Theatre, Film and Television Based On Lorca
- Federico García Lorca: A Murder in Granada ( 1976) directed by Humberto Lopez y Guerra and produced by the Swedish Television. In October 1980 the New York Times described the transmission of the film by Spanish Television in June that same year as attracting "one of the largest audiences in the history of Spanish Television".
- Playwright Nilo Cruz wrote the surrealistic drama Lorca in a Green Dress about the life, death, and imagined afterlife of García Lorca. The play was first performed in 2003 at the Oregon Shakespeare Festival. The Cruz play Beauty of the Father (2010) also features Lorca's ghost as a key character.
- British playwright Peter Straughan wrote a play (later adapted as a radio play) based on García Lorca's life, The Ghost of Federico Garcia Lorca Which Can Also Be Used as a Table.
- TVE broadcast a six hour mini-series based on key episodes on García Lorca's life in 1987. British actor Nickolas Grace played the poet, although he was dubbed by a Spanish actor.
- There is a 1997 film called The Disappearance of Garcia Lorca, also known as Death in Granada, based on a biography by Ian Gibson. The film earned an Imagen Award for best film.
- Miguel Hermoso's La Luz Prodigiosa (The End of a Mystery) is a Spanish film based on Fernando Macías' novel with the same name, which examines what might have happened if García Lorca had survived his execution at the outset of the Spanish Civil War.
- British Screenwriter Philippa Goslett was inspired by García Lorca's close friendship with Salvador Dalí. The resulting biopic Little Ashes (2009) depicts the relationship in the 1920s and 1930s between García Lorca, Dalí, and Luis Buñuel.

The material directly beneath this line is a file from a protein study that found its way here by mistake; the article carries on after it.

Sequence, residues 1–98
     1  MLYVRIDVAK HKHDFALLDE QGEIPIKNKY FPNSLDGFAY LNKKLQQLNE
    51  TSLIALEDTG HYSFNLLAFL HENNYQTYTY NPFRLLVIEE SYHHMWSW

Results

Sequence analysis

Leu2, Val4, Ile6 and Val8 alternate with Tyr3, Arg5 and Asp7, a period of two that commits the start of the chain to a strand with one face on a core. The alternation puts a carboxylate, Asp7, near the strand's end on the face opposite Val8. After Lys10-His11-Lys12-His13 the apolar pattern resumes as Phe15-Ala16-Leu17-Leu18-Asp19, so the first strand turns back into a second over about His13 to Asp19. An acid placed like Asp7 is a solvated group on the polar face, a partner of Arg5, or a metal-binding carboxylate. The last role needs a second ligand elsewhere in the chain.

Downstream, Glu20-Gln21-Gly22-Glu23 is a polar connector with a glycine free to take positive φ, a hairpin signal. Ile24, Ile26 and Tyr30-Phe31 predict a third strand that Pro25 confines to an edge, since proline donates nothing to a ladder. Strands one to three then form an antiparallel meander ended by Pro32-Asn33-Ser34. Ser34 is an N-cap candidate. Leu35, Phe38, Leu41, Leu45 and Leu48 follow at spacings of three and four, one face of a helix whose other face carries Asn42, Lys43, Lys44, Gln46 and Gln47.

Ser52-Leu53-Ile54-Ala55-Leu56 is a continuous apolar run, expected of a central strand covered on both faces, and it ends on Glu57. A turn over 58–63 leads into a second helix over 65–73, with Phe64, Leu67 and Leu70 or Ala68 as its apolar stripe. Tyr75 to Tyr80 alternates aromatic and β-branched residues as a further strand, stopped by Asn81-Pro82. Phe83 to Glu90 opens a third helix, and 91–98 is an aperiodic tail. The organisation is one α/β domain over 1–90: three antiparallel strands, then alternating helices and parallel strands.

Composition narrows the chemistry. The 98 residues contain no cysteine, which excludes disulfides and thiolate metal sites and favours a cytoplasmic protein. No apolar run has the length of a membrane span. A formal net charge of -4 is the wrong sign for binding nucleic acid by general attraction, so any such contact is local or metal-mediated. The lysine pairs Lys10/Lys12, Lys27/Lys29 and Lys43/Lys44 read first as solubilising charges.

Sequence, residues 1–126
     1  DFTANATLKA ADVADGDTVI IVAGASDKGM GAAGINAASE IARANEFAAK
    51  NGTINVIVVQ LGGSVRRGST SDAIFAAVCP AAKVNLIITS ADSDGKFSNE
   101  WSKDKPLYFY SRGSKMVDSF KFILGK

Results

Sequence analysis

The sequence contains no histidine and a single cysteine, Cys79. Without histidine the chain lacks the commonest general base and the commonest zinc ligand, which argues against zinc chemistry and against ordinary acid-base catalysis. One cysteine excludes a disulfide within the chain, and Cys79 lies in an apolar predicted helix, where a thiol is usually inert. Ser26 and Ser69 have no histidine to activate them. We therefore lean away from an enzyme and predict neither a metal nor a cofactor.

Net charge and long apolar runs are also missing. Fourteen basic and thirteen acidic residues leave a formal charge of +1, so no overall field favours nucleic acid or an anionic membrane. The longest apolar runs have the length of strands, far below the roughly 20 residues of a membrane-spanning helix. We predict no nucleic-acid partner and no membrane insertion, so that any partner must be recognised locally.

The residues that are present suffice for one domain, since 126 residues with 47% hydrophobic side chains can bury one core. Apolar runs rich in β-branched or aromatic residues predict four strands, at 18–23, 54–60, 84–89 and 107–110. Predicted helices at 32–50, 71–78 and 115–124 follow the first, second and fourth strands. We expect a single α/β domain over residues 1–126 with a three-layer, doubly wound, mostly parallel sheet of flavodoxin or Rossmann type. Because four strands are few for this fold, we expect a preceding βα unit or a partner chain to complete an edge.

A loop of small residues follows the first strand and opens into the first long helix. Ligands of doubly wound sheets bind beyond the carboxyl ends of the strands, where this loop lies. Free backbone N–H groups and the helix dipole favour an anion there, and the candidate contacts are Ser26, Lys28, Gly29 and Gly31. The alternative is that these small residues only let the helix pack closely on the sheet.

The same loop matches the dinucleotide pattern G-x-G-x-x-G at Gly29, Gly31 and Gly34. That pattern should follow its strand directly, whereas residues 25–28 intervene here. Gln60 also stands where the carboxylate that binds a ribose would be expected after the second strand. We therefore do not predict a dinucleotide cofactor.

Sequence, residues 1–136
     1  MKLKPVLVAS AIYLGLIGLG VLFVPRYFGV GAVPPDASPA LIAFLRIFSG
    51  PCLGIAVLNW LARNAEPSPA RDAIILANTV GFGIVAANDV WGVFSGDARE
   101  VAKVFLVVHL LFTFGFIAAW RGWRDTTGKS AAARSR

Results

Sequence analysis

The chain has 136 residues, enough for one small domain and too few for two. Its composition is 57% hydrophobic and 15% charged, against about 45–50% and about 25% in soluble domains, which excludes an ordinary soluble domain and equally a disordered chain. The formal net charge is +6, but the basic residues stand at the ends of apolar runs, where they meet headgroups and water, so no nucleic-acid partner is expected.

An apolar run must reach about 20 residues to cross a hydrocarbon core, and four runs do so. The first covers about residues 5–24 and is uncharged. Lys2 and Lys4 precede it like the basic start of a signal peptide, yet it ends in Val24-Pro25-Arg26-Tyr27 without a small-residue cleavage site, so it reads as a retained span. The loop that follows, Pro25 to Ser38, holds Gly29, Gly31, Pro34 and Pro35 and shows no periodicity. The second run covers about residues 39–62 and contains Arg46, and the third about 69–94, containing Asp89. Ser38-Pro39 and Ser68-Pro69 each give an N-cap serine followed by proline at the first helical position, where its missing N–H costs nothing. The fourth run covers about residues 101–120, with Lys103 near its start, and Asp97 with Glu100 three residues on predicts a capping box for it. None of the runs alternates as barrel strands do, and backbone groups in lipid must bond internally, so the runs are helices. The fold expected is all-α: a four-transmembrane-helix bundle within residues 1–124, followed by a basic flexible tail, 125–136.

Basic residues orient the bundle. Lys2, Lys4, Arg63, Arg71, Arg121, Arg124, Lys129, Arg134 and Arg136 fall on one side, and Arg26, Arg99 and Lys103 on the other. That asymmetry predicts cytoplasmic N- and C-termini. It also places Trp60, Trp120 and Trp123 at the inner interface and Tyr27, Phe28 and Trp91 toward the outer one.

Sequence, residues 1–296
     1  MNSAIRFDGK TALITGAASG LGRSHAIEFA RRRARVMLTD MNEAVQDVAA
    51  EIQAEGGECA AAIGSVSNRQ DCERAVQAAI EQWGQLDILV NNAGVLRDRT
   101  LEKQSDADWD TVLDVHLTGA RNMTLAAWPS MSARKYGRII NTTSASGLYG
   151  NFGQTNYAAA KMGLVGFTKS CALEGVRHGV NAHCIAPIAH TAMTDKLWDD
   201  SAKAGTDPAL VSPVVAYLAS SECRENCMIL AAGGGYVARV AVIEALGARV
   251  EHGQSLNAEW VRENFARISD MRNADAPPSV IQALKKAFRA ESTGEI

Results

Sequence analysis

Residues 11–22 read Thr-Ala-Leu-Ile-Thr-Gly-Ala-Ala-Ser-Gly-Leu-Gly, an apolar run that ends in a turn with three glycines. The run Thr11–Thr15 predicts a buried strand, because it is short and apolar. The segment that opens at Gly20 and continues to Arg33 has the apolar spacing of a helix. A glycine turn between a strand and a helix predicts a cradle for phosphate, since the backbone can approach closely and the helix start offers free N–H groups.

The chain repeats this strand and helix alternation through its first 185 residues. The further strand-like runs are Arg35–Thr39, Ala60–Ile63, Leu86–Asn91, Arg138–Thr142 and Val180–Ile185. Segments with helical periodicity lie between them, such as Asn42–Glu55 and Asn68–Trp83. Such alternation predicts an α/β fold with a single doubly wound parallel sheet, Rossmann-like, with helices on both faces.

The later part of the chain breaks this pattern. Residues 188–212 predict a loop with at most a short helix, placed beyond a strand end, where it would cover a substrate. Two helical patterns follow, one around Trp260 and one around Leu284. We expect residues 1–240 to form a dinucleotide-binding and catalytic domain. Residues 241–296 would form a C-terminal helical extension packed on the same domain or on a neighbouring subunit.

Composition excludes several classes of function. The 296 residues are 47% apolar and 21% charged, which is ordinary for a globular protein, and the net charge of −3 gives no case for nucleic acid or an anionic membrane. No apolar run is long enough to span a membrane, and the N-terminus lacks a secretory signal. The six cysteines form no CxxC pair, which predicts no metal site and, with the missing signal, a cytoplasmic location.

- Bodas De Sangre (Blood Wedding) is the first part of a ballet / flamenco film trilogy directed by Carlos Saura and starring Antonio Gades and Cristina Hoyos (1981).
Famous quotes containing the words film, television, based and/or lorca:
“The obvious parallels between Star Wars and The Wizard of Oz have frequently been noted: in both there is the orphan hero who is raised on a farm by an aunt and uncle and yearns to escape to adventure. Obi-wan Kenobi resembles the Wizard; the loyal, plucky little robot R2D2 is Toto; C3PO is the Tin Man; and Chewbacca is the Cowardly Lion. Darth Vader replaces the Wicked Witch: this is a patriarchy rather than a matriarchy.”
—Andrew Gordon, U.S. educator, critic. The Inescapable Family in American Science Fiction and Fantasy Films, Journal of Popular Film and Television (Summer 1992)
“His [O.J. Simpsons] supporters lined the freeway to cheer him on Friday and commentators talked about his tragedy. Did those people see the photographs of the crime scene and the great blackening pools of blood seeping into the sidewalk? Did battered women watch all this on television and realize more vividly than ever before that their lives were cheap and their pain inconsequential?”
—Anna Quindlen (b. 1952)
“Italy is such a delightful place to live in if you happen to be a man. There one may enjoy that exquisite luxury of Socialismthat true Socialism which is based not on equality of income or character, but on the equality of manners. In the democracy of the caffè or the street the great question of our life has been solved, and the brotherhood of man is a reality. But it is accomplished at the expense of the sisterhood of women.”
—E.M. (Edward Morgan)
“Green how I want you green.
Green wind. Green branches.”
—Federico García Lorca (18981936)